Summary: Consider the different groups to whom John wrote and what he wrote. 1- I write to you children 2- I write to you young men 3- I write to you fathers
INTRO.- I write to you. Does anybody write anymore? What has happened to the art of writing? One reason is poor penmanship.
ILL.- Penmanship And Brilliance. A handwriting study made at one of our large universities has come up with the discovery that the smarter a person is, the worse his scrawl. It’s thinking faster than you write that makes handwriting messy. The faster you think, naturally, the poorer your penmanship. What about you? What does your penmanship say about you?
ILL.- A young reporter called on Mark Twain (Samuel Clemens) to interview him. He found the writer comfortably snuggled in bed, reading. The reporter asked Twain for the story of his life. “Well,” drawled Twain, “in the days of George III, when I was a young man I used to...”
“Pardon me,” interrupted the young man, “I know that you are no spring chicken, but you couldn’t possibly have been living in the time of George III.”
“Fine, my boy,” exclaimed Mark. “I heartily congratulate you. You are the first and only reporter I’ve ever met who corrected a mistake before it appeared in print.”
Wouldn't it be great if all corrections were made before they were printed? So with my sermons. So with everything we write OR EVERY WORD WE SPEAK! Wouldn't it be wonderful to speak without error?
ILL.- A young American preacher was induced to publish a book of sermons. The first copy was mailed to him. After he read the volume, he said: “I am never so reminded of the sow returning to her wallowing in the mire as when I undertake to look at what I have written or preached.”
He literally kicked the book out the window. His name was Henry Ward Beecher, who was considered to be one of the greatest preachers of his time.
Beecher, by the way, was the seventh of 13 siblings, some of whom were famous in their own right: Harriet Beecher Stowe who wrote Uncle Tom's Cabin.
ILL.- It was Joseph Pulitzer who offered the following advice on writing to editorial writers, columnists and reporters: “Put it before them briefly so they will read it, clearly so they will appreciate it, picturesquely so they will remember it and, above all, accurately so they will be guided by its light.”
That's good advice for not only writing but also for preaching. Make it clear, make it brief, make it accurate, and I might add, make it simple.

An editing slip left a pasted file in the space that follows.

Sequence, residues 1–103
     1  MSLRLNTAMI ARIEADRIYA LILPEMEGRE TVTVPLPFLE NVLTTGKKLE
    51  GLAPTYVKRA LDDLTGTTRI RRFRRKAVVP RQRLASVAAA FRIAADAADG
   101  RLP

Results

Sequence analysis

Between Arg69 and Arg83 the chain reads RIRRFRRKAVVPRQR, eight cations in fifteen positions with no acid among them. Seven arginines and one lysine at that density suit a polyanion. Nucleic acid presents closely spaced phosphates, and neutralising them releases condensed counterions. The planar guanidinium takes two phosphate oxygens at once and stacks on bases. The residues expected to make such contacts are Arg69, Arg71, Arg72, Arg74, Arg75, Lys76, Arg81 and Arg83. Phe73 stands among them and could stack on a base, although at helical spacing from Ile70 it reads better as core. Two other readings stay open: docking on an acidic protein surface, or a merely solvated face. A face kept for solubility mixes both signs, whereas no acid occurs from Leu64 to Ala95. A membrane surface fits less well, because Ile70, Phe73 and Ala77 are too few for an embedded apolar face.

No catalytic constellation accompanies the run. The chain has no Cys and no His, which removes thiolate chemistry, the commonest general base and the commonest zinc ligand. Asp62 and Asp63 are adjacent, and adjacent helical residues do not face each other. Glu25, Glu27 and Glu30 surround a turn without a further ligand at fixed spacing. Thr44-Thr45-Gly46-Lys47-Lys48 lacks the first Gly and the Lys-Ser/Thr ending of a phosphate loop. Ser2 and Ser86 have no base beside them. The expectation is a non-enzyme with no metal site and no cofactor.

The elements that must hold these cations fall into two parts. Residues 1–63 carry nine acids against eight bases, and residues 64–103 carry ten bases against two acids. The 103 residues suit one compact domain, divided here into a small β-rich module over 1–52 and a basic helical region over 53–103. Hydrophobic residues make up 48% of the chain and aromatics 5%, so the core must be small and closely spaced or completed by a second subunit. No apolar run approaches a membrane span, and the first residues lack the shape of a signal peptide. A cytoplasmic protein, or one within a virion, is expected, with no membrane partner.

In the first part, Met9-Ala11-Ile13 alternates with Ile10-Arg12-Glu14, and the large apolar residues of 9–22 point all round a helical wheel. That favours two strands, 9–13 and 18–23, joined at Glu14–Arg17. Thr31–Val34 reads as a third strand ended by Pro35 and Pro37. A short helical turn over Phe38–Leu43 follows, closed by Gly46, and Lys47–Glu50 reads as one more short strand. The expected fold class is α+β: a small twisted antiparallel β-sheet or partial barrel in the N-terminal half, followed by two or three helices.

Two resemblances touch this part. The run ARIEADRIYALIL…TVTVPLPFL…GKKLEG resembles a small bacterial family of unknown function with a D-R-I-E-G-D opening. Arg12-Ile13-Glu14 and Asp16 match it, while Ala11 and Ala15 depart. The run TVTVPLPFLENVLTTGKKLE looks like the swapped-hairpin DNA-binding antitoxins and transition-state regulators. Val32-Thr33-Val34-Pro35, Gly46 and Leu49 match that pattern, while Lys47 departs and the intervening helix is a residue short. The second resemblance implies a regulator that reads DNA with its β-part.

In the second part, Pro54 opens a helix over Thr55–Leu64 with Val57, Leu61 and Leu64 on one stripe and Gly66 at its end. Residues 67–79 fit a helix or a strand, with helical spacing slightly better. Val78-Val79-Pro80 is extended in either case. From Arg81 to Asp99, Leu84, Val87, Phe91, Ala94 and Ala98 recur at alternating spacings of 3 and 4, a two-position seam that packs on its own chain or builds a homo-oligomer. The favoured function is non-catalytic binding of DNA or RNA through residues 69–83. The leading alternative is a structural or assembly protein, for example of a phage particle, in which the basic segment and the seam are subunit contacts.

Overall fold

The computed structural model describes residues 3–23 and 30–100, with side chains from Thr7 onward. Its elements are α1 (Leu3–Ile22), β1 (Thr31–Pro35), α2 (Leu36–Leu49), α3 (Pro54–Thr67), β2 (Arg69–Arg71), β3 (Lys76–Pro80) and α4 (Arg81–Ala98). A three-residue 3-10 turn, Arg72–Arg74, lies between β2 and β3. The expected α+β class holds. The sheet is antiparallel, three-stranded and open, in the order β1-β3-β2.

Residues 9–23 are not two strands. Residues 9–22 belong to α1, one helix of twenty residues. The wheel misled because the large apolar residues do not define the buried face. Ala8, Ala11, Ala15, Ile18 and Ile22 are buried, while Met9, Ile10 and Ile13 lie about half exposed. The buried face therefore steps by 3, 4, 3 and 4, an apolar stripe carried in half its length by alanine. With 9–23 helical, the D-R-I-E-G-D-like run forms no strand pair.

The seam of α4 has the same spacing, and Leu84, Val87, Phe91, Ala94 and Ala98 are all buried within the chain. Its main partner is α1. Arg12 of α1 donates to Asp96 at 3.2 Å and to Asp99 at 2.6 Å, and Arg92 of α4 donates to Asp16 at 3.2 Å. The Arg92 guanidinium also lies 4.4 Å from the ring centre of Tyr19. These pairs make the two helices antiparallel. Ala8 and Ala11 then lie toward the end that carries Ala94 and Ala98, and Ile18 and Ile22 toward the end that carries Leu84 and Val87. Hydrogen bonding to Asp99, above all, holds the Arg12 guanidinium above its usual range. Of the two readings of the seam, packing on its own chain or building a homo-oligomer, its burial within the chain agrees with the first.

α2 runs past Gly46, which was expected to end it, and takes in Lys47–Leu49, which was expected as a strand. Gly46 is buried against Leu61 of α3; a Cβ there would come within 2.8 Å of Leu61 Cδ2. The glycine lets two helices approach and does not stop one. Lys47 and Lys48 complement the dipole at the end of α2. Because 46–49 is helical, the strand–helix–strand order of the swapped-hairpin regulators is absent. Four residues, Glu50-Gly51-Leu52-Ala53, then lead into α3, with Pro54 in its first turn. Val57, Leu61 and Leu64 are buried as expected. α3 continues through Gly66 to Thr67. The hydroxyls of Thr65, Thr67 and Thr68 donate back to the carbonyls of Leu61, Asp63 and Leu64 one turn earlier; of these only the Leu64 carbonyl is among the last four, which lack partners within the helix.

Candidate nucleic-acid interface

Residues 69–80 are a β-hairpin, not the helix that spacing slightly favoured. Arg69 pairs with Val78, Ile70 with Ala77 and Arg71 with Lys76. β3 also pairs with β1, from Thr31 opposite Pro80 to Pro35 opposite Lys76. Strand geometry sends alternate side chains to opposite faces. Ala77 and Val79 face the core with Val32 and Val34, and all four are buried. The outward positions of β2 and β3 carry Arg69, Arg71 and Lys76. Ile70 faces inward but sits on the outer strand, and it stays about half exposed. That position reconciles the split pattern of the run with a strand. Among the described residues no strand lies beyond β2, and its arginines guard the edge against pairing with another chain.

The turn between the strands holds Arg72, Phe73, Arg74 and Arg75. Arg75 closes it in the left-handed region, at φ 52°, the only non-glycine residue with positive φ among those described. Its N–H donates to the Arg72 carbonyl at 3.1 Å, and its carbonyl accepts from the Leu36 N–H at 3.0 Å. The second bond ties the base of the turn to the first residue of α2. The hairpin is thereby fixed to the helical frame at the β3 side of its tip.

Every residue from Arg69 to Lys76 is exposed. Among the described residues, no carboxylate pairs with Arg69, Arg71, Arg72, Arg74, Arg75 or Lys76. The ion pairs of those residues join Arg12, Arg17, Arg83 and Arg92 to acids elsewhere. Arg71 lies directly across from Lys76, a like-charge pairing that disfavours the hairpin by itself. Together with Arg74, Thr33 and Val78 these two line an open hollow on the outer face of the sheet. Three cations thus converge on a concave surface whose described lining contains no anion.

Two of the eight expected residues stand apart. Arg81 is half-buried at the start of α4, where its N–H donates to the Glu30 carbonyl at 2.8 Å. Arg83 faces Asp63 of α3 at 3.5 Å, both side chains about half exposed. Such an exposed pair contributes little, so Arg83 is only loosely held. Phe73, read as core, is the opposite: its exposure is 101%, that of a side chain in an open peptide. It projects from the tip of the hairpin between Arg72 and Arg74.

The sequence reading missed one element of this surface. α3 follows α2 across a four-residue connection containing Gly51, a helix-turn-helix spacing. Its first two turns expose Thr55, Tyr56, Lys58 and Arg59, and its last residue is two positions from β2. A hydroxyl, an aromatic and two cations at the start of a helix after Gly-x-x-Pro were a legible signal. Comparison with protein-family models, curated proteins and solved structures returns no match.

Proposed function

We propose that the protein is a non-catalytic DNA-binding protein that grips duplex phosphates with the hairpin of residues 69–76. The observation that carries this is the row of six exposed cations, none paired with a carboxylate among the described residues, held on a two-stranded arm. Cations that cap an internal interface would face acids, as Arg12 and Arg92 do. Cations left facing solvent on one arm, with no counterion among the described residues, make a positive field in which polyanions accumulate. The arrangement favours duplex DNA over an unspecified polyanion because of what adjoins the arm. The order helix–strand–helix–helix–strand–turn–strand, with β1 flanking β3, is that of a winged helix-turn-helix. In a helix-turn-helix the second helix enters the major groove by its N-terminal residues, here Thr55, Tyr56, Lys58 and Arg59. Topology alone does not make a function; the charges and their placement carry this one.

Let's write more! Writing can bless others if we let it! Let's not lose this art that God gave us.
PROP.- Consider the different groups to whom John wrote and what he wrote.
1- I write to you children
2- I write to you young men
3- I write to you fathers
I. I WRITE TO YOU CHILDREN
12I write to you, dear children, because your sins have been forgiven on account of his name. 13 I write to you, dear children, because you have known the Father.
Dear children. Our children are very dear, are they not? But then they grow up! They are still very dear but not nearly as cute as when they are little and seemingly innocent. DID I SAY 'INNOCENT'? Little ones lose their innocence so quickly.
Why? They see and hear far too much from TV, the internet, from other kids at school and maybe even from mom and dad.
ILL.- I had a Mennonite family in one church where I served. The wife came from a Mennonite family and she said she never heard her parents ever argue or speak ill of each other. She said they may have had words behind doors but never in front of the children. WOW! We would do well to imitate this.
Now obviously, the children in our text are not little children but rather children of the faith. I think we all recognize that Christians have varying degrees of faith. Some are quite new to the faith. Others have been in Christ for many years and hopefully, have matured in the faith. Some are strong and some are weak in the faith.
We assume that John is probably writing those who are young in the faith.
12I write to you, dear children, because your sins have been forgiven on account of his name.
Aren't all Christians forgiven of their sins? Yes, but it may be that new converts are more acutely aware of their forgiveness. In fact, I know they are! I remember well the excitement!
ILL.- It’s like the guy who was so excited about being baptized that when he was raised up out of the water, he hollered, “Hot dog! Hot dog!”
After a period of time, however, we tend to take our forgiveness for granted, but the newly converted are much more aware that they have been forgiven and are excited about it. REMEMBER?